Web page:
Though a host of factors contribute to labour abuse, one root cause is the pressures of global brand companies' own supply-chain purchasing practices, undermining the very labour standards that they claim to support. The foregoing premise, as simplistic as it is, yields limited understanding as to the wider contextual underpinnings favouring abuse of labour in developing countries. It is against this backdrop that the current paper provides a grounded theory model of unethical labour practices associated with global brands in developing countries.

1.2 Research Questions

To move forward the investigation, a main research question in figure 1 (with sub-research questions) guides the theoretical constructs of this paper:

Figure 1: Research questions for this paper

What are the contextual underpinnings for unethical labour practices associated with global brands in developing countries?

i What factors induce the environment for unethical labour practices?

ii What are these unethical labour practices?

iii Which global brands have been/are associated with unethical labour practices in developing countries?

1.3 Definition of Terms

In the interest of clarity, the term--global brand be defined to eliminate any ambiguity and misconstruction.

Global Brands: These are brands that are available, well known and highly regarded throughout the world's market (Johansson 2006). This includes such brands as Coca Cola, McDonalds, Microsoft, Nestle, Nike, Mercedes, Sony, and Nokia. Also, there are other organisations that have the stature of global brands yet operate a limited brand image. More often these are multinational corporations such as Wal-Mart, Gap, Tesco, and General Electric.

2.1 Methodology

The theoretical framework chosen for this paper is that of grounded theory. Grounded theory is a qualitative inductive approach, through which explanatory theory is derived from a close consideration of the data (Strauss & Corbin 1990, pp. 20-23). Data systematically obtained and analysed is allowed to shed substantive light about the phenomenon investigated (Creswell 1998, p. 98). Its intent is to further an understanding of social phenomena. The current research refrains from testing any hypothesis; rather it collects the data and allows the data to 'tell the story'.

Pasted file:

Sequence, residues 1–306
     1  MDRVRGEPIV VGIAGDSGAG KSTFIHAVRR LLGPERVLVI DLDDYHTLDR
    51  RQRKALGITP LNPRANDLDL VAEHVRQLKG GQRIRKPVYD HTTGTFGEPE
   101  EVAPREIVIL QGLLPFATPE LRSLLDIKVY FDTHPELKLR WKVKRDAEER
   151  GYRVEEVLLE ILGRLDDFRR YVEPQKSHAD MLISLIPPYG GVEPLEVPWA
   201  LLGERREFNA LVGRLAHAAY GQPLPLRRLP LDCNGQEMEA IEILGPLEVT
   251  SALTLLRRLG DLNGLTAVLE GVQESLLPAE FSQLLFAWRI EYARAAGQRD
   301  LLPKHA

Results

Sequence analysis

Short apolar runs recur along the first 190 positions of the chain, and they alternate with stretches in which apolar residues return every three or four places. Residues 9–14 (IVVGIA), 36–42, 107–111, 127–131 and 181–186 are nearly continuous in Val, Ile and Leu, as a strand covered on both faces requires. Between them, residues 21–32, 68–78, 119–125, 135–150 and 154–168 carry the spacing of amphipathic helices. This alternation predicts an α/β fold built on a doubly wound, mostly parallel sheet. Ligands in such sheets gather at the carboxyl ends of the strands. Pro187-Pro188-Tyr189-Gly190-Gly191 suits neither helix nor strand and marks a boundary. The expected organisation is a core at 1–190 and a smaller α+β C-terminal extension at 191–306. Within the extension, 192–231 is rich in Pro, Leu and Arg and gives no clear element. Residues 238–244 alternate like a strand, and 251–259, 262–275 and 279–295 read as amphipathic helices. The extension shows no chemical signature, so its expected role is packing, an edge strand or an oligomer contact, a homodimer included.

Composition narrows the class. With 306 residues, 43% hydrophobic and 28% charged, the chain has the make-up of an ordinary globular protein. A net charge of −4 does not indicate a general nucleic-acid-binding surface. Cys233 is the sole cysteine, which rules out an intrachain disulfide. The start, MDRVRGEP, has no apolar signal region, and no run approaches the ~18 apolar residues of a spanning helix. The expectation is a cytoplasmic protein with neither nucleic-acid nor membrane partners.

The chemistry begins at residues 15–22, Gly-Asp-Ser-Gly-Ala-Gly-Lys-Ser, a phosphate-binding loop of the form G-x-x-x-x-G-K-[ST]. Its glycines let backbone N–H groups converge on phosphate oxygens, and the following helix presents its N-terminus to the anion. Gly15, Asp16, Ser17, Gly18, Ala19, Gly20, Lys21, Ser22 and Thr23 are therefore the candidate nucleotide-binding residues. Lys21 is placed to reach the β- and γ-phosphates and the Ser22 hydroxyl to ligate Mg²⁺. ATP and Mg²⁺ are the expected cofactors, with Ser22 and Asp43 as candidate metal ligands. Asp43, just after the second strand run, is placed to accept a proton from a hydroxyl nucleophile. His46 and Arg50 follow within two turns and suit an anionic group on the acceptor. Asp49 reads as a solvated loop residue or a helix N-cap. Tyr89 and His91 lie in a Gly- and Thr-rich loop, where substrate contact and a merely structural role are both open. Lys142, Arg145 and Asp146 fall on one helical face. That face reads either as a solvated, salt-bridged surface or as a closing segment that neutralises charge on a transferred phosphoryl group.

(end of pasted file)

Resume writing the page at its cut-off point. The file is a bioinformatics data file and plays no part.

The grounded theory process allows for emphasis on identifying concepts from documents, for example. Generated concepts and their relationships, explain and/interpret variations in the substantive area under study (Glaser 1992, p. 16). The outcome is the development of theoretical formulations and propositions through the agency of rigorous pattern of analysis (Glaser 1992; Seibold 2002; Douglas 2003).

Consequently, the research questions formulated are framed within with the knowledge that grounded theory particularly orientates towards eliciting improved understanding of theoretical conceptualisations of processes of social interactivity (Douglas 2003; Creswell 1998). Put simply, grounded theory provides the researcher with an explanatory framework to understand the phenomenon--unethical labour practices--associated with global brands' operations in developing countries.

The theoretical implications of the current research paper